ELISION in Huddersfield – review

JangAlvarezMatthew_SergeantPaulding

Just over a week ago in Huddersfield ELISION presented a concert of four works by postgraduate composers Alex Jang, Pedro Alvarez, Matthew Sergeant and Luke Paulding, followed by a realisation of Richard Barrett’s CODEX IV for four improvising musicians.

These being student works, there were naturally areas where more experience and development in the future will count. But more importantly, I heard four distinct voices, each attempting a tricky artistic problem, and each coming up with a musically intriguing result.

Jang’s Retracings, for trumpet and percussion, was instrumentally and formally the lightest of the pieces; it had a much lower density of activity, at times stripping down to just the sizzle of a cymbal or rumble of a bass drum. It was also, I think, less concerned with weight and presence, and more a sort of spectral afterglow.

At several points one felt a distinct sense of dissipation, but the music was so low-key that there was rarely a sense of where we might have dissipated from. It is a piece possessed of strange and unidentifiable energies. Yet it somehow made a shape for itself. Although fragmentary in style, Jang’s use of a controlled timbral palette (dominated by sizzling or brushing sounds) prevented it from becoming too discontinuous.

The balance of activity between the two players is interesting. The music is dominated by the percussion, with the trumpet playing a very aphoristic role, certainly not acting as a melodic voice in its own right. It’s less of a duo than a solo + 1. Alex told me afterwards that he intended the trumpet as an extension of the metallic percussion instruments – its music came from the timbre and gestural language of percussion, rather than brass. And again, the choice of a sonic palette is a dominant feature.

Alvarez’s Debris was the least ‘ELISION-y’ of the four pieces, in that it didn’t emphasise virtuosity, and set its formal argument on the macro- rather than micro-level. It is arranged in sharply defined panels, which are continually shuffled and varied as the piece progresses. The composer’s notes refer to ‘negat[ing] aesthetic ideals of fluency and continuity’, and the idea of gate-switching between different gestural states is important. In addition to a small set of restricted (and related) instrumental textures, two further elements were in play: an electronic patch that was a sort of mellowed aggregrate of the previous instrumental sound, and very short bursts of noisy, saturated improvisation.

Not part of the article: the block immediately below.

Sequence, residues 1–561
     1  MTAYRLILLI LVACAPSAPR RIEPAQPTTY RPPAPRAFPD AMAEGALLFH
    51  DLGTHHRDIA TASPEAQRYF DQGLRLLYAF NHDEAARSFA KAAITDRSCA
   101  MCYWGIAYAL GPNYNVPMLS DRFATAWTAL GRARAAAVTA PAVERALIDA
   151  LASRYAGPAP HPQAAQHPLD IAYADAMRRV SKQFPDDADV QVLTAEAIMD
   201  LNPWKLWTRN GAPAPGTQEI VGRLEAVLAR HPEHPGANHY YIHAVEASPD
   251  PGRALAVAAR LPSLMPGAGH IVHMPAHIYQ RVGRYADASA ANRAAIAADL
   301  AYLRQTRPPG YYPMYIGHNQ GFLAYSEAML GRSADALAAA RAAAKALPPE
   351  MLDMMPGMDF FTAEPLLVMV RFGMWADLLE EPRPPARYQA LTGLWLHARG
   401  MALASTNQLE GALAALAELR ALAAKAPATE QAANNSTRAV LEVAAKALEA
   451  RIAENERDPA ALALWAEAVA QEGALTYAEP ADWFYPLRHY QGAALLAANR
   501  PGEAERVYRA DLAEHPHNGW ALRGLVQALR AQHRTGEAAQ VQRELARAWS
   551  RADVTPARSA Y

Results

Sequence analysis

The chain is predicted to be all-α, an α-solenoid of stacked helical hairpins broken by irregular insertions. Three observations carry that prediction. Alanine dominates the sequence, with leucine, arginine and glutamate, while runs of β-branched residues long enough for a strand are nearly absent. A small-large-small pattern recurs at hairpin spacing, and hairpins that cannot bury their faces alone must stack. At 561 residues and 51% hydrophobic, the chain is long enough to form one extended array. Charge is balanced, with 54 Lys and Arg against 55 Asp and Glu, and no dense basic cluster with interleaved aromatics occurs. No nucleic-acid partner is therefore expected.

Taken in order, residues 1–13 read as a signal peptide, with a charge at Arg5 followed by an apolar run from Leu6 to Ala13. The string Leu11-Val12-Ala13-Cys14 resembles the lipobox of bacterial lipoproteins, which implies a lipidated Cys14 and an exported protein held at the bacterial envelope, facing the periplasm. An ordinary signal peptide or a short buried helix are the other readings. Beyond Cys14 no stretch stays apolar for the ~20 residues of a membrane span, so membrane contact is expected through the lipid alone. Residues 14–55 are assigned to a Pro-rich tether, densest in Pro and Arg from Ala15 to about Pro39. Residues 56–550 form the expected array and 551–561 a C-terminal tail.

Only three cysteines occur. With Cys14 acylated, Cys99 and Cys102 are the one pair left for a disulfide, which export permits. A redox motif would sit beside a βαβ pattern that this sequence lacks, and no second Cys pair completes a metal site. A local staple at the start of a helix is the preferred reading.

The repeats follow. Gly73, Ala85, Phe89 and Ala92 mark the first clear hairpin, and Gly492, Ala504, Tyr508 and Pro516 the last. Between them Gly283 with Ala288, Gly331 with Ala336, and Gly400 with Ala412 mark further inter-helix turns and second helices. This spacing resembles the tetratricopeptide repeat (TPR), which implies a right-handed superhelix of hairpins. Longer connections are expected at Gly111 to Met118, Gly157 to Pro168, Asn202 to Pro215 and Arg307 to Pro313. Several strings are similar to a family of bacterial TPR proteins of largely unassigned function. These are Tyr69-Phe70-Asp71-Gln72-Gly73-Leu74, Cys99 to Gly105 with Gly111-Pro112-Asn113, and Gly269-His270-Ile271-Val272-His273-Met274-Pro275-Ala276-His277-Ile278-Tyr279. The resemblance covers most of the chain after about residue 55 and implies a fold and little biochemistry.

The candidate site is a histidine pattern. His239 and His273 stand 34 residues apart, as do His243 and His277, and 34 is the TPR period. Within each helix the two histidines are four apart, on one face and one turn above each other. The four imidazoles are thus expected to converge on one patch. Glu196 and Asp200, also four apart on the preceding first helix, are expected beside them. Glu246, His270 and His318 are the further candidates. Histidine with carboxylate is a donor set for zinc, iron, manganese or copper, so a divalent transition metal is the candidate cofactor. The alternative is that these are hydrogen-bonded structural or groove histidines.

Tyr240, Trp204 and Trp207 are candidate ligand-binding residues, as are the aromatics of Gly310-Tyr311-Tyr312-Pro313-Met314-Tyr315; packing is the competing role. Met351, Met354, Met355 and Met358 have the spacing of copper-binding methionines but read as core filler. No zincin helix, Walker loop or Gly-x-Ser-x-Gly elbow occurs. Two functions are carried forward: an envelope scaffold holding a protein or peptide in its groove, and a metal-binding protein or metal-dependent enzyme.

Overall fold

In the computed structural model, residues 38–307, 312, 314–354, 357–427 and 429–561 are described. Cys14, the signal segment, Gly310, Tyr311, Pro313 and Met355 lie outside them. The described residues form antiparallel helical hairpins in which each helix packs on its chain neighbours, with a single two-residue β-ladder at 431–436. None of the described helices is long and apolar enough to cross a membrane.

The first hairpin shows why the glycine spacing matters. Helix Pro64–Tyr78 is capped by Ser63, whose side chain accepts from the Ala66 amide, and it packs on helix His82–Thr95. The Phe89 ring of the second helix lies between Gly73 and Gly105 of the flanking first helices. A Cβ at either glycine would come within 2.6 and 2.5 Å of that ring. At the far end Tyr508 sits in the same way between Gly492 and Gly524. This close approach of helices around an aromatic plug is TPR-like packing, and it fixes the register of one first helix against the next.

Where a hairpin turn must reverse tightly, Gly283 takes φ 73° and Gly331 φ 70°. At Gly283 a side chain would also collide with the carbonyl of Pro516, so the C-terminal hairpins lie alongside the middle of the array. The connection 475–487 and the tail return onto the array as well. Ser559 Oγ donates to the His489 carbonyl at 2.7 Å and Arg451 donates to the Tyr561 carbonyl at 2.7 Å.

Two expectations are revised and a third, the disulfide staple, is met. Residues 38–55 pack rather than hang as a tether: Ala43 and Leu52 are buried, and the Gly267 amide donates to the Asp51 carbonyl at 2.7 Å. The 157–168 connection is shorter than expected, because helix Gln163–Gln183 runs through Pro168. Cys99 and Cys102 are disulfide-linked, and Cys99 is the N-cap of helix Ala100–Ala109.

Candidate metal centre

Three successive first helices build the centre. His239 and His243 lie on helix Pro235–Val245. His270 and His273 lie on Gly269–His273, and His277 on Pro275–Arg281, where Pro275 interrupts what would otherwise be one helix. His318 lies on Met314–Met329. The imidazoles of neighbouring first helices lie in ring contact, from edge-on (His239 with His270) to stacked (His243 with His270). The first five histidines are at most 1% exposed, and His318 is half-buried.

In an unexpected way it owed a debt to minimalism, or post-minimalism, like a Michael Gordon without half an eye on its audience. Certainly Alvarez is tackling the themes of continuity, rupture, form, duration and so on familiar from minimalism, but doing so with less easily assimilated materials so as not to let the work slip into a new agey/Arcadian mode. I liked it more than I thought I would, if I’m honest. On stage its longeurs are forgotten, and its subtle shifts in rhythm and texture are well-judged to maintain a sense of inquisitive experiment. I wasn’t convinced by the improvised interjections/punctuations, but they require such a vertiginous change in playing that I appreciate they may be hard to bring off successfully.

There’s a very obvious temptation for a young composer invited to write for a group like ELISION to forget any considerations of technique or practicality, and just let your ideas run to their limit. Matthew Sergeant cannot be accused of not taking this opportunity.